eyepops manager should ask for feedback on the new agile approach. S/he should be able to accept negative feedback - "I hate it". S/he should be willing to ask "Why?" and accept an honest answer. Finally, s/he needs to ask "How can we make things better?". Once s/he has this info from eyepops and his coworkers, s/he can determine how best to advocate for her/his staff to maximize productivity.

      None of the above steps are possible without mutual respect.

      TGI says moo

        I completely agree, though I do appreciate a technically competent manager because it makes things go quicker in discussions. The problem is that mutual respect is like a dog that speaks Norwegian. That and it's only the foundation that is needed to support all the competencies involved. I've had... 5, maybe 10, managers out of 30 who were competent at anything in particular, let alone management.

        Something else occurs to me about respect. The employee is much freer to give it properly when it's earned. The manager is constrained by the machinations of the company and its hierarchy and is more often regulated to "chief apologist" than to "team advocate" no matter her skills or intentions.

        This whole thread makes me :(

        Like Your Mother, I appreciate a technically competent manager. While general management skills trump technical competence for high level managers, lower level managers of programmers at the coalface do require technical skills IMHO. At least, that's been my experience.

        Let me give an example to clarify. I remember one particular "delivery focused" programmer with a "strong sense of urgency". Rather than taking the time to properly abstract the design, he crudely cut n pasted thirty new classes from an existing one. Now these thirty classes were identical, except for one line of code!! Of course his code never contained any useful comments because these take time. This fellow consistently left behind huge swathes of unmaintainable code, yet his non-technical manager -- who never looked at the code -- praised him and even gave him bonuses and little plaques for his "strong sense of urgency" and "can do" attitude. You might argue that a better non-technical manager, one who understood technical debt, would not do this (and I agree), yet non-technical managers must rely on others to judge the technical merit of the work produced by their staff. And in a political, non-trusting organisational culture, that results in people playing silly games (e.g. if you tell my non-technical manager that my work is of high quality, I'll return the favour to you).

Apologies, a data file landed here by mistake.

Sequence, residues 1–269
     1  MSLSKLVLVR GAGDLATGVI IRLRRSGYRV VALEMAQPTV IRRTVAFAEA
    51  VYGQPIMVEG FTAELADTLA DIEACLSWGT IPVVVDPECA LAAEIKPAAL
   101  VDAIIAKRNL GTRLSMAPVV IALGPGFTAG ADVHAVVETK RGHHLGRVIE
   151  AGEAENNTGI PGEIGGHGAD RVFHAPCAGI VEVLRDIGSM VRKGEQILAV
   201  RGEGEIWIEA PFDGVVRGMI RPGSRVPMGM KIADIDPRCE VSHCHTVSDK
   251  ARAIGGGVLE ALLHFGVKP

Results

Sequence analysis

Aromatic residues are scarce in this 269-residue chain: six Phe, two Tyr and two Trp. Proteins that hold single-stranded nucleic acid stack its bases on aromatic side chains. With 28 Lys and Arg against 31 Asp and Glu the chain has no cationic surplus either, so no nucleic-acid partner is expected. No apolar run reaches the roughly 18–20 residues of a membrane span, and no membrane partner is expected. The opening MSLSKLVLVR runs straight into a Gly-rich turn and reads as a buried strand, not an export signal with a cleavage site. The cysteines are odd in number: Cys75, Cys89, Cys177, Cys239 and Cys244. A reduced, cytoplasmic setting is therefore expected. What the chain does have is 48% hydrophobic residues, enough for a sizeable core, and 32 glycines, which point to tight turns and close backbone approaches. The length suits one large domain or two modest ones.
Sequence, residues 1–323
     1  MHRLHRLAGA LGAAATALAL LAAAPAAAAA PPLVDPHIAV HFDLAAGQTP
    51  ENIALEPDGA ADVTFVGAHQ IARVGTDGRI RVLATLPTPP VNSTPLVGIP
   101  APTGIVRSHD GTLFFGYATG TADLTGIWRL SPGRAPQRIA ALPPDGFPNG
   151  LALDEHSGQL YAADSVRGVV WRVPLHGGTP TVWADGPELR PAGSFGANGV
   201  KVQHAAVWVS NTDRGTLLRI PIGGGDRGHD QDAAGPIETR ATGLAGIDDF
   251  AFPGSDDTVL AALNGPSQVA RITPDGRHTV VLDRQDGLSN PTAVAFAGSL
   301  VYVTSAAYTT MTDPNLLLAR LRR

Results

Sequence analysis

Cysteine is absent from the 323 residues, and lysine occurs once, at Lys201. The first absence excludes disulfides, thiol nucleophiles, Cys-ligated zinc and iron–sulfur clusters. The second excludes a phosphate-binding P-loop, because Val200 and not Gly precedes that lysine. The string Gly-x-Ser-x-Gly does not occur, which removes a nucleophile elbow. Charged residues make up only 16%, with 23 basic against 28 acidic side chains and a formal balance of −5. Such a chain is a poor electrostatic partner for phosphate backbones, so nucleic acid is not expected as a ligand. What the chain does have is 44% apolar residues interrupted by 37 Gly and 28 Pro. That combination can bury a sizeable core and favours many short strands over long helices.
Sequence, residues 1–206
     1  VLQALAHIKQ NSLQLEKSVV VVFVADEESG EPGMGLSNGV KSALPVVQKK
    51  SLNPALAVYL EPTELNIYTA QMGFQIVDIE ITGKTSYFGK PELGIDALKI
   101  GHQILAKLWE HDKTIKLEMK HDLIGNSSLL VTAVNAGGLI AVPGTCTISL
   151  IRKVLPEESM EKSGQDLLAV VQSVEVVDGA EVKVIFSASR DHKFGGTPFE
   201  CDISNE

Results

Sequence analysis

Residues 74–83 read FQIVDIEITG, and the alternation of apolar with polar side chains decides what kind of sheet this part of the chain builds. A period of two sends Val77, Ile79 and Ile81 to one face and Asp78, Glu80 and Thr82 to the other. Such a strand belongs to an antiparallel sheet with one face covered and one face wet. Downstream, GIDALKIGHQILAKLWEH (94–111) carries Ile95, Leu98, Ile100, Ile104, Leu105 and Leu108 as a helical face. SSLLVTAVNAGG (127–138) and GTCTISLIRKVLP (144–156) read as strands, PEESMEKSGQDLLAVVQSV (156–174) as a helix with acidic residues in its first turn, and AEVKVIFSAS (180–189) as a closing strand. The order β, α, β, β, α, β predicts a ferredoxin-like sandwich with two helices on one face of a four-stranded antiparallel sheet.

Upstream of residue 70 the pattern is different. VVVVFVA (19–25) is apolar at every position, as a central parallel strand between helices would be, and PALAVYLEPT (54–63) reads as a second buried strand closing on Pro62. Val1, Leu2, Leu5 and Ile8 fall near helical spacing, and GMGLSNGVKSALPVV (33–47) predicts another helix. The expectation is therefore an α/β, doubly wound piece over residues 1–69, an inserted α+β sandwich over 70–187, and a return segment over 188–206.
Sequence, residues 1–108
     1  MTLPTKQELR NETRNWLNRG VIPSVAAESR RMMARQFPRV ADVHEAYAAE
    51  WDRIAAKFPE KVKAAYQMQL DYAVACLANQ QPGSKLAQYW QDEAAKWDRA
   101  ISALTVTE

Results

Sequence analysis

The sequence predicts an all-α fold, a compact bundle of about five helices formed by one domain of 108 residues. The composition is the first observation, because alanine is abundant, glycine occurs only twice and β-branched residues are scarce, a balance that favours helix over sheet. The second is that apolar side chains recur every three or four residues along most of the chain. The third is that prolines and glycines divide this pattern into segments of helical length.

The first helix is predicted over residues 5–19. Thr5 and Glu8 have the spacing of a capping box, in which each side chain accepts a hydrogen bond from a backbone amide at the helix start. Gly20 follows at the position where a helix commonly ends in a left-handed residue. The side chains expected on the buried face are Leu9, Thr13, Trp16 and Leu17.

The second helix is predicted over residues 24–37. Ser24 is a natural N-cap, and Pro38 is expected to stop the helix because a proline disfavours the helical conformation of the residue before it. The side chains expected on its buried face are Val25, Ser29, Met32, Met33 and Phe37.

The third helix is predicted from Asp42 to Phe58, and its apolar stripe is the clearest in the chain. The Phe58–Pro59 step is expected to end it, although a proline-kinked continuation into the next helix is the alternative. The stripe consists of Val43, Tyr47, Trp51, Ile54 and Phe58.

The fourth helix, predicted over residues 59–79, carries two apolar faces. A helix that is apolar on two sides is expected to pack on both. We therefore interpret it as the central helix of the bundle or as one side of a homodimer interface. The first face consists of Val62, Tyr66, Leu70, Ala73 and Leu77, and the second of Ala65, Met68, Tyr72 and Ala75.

Log In?

What's my password?
Create A New User
Domain Nodelet?
Node Status?
node history
Node Type: perlmeditation [id://823108]
Approved by BrowserUk
Front-paged by Old_Gray_Bear
and the web crawler heard nothing...

How do I use this? | Other CB clients
Other Users?
Others contemplating the Monastery: (2)
As of 2023-09-23 11:43 GMT
Find Nodes?
    Voting Booth?

    No recent polls found